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Helodoro Ponce makes tamales.

La Perla Mexican Deli ending 63-year run

on December 26, 2012

The decision to close La Perla Mexican Deli wasn’t made because of rising taxes, slim profits, or a change in the community. These are all things the family business has seen and overcome in the 63 years it’s been operating in the Iron Triangle.

The building is owned by the family, the revenue is enough for them to pay their own bills, and through the riots of the ‘60s, the restaurant stayed put.

Though time has made the family restaurant a staple in the community and built a sense of trust among their neighbors, it has also made it difficult to keep a good thing going.

“We’re all getting old,” said Helodoro Ponce, “Junior,” the head cook and co-owner of the restaurant. Ponce is suffering from kidney problems and has already lost 20 pounds in the last six months.

The restaurant is a family-run operation. Ponce’s sister Dolores Bonds co-owns the restaurant with him, and five other family members work in shifts. Their mother and father, who have both passed away, started the restaurant in 1969. Both from Mexico, their father got the name La Perla from a restaurant in Acapulco, where visitors can watch cliff divers make daring jumps into the water.

“I’ve spent all my life here,” Ponce said of the restaurant. Above it sits a four-bedroom house, where their siblings and parents used to live.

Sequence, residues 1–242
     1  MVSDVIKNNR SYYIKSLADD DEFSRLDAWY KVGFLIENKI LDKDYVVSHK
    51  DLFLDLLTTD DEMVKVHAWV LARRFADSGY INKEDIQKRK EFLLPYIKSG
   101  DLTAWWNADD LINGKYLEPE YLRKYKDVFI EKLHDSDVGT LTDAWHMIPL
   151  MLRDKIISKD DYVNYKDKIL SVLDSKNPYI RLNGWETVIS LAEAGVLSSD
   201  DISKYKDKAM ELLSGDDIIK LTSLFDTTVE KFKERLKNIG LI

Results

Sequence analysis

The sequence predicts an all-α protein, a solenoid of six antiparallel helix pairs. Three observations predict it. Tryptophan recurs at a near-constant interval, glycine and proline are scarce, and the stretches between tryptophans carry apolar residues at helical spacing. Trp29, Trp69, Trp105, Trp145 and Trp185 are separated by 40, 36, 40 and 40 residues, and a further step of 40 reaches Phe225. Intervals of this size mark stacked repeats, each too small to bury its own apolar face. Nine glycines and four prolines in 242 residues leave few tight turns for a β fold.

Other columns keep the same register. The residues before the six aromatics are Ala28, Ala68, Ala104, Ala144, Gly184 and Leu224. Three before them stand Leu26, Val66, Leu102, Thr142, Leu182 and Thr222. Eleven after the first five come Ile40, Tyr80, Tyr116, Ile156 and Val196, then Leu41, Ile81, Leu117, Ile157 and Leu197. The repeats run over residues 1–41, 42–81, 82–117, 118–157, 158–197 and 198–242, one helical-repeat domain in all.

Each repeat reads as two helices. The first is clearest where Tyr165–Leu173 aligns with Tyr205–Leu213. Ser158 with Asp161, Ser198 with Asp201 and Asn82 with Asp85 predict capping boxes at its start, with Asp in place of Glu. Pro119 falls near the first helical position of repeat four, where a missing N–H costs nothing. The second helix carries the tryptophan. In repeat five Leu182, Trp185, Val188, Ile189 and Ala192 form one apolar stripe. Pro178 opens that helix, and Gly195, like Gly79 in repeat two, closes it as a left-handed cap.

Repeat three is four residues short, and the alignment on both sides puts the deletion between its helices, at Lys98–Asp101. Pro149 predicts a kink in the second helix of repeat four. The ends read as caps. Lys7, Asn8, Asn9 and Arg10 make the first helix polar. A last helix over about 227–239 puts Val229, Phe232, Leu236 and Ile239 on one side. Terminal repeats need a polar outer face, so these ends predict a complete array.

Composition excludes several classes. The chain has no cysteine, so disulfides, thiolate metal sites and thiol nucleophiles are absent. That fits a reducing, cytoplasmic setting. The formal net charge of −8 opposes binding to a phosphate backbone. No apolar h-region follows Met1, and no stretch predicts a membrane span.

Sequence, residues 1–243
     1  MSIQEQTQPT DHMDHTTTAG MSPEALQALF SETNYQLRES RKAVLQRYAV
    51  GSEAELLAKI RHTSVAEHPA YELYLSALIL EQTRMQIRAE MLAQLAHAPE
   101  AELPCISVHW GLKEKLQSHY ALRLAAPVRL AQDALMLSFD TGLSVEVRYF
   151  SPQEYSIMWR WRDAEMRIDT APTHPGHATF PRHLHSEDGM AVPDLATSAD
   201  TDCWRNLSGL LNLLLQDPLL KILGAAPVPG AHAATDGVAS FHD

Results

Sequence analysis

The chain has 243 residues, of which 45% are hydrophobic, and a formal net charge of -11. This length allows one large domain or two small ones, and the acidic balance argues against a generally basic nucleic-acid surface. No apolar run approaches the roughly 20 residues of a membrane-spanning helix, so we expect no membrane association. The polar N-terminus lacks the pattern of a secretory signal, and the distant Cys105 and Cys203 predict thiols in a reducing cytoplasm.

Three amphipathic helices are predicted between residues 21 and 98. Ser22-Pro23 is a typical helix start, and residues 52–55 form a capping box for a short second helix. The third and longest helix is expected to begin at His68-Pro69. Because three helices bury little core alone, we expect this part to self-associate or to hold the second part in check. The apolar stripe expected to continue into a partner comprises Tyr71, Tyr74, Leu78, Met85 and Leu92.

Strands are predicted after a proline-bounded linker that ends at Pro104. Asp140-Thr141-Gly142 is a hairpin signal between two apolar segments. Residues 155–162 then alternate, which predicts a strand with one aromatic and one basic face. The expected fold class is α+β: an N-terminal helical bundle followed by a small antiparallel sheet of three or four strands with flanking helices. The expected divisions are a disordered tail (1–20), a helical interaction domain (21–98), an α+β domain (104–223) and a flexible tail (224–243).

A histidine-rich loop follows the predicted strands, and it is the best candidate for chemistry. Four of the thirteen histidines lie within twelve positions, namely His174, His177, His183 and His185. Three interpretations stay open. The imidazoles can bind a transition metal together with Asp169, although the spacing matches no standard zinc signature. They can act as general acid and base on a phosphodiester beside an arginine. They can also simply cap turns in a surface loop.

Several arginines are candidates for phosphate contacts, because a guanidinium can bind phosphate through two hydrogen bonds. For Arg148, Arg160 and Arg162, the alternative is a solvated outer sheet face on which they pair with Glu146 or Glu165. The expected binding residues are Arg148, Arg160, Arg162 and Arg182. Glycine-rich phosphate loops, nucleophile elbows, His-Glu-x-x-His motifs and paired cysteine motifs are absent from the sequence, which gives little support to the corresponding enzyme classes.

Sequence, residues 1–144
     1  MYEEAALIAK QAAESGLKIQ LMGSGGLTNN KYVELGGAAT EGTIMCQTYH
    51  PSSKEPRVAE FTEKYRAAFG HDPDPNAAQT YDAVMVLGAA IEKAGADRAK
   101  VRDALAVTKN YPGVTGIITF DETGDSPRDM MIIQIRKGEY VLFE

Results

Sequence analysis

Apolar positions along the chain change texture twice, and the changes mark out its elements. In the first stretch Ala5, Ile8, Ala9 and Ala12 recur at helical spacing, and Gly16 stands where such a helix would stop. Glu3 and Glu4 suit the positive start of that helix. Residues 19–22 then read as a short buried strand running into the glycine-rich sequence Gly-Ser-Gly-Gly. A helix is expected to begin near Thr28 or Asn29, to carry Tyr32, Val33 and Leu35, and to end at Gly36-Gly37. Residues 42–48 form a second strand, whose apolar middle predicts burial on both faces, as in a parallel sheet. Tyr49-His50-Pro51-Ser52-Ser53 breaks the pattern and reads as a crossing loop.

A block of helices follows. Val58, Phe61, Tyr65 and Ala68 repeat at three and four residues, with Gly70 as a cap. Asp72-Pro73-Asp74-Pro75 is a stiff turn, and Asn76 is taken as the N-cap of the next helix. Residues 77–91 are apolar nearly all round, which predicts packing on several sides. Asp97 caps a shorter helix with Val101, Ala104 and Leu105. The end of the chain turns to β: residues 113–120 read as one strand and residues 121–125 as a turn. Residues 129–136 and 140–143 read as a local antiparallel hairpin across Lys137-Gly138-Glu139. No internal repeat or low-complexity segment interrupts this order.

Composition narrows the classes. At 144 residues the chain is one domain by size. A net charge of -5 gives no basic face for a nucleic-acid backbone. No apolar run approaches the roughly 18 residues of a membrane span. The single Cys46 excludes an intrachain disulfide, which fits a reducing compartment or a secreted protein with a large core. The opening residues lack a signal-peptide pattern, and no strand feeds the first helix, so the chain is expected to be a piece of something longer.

Although Ponce and Bonds are ready for retirement, many of their customers can’t fathom saying goodbye.

“It’s heartbreaking,” said Billi Murray, who’s a second-generation customer.  Her mother started eating at the restaurant before she was even born. “It’s the neighborhood. I know all her children,” Murray said of Bonds.

With nearly 3,000 friends on Facebook the restaurant has been successful in making a loyal base of customers.

Customers have asked Bonds if they can train the new owners to keep the restaurant going.  Bonds said Ponce is willing to do that if they can find a buyer. “It’s not hard,” Bonds said. “It’s just a lot of work.”

The restaurant was put up on the market six months ago. “We’ve had a few bites,” Bonds said.  But no one has shown a serious interest.

On a recent afternoon, it seemed that every person who walked through the door was a friend or acquaintance of Bonds or her son. “How’s your wifey?” was a repeated question from Bonds while she made the customers their food.

Although Bonds and Ponce aren’t sure of when their last day will be, one thing Bonds said she can tell customers now is they’re open past the end of the year. “So,” as their last Facebook post reads, “keep comin’ in.”

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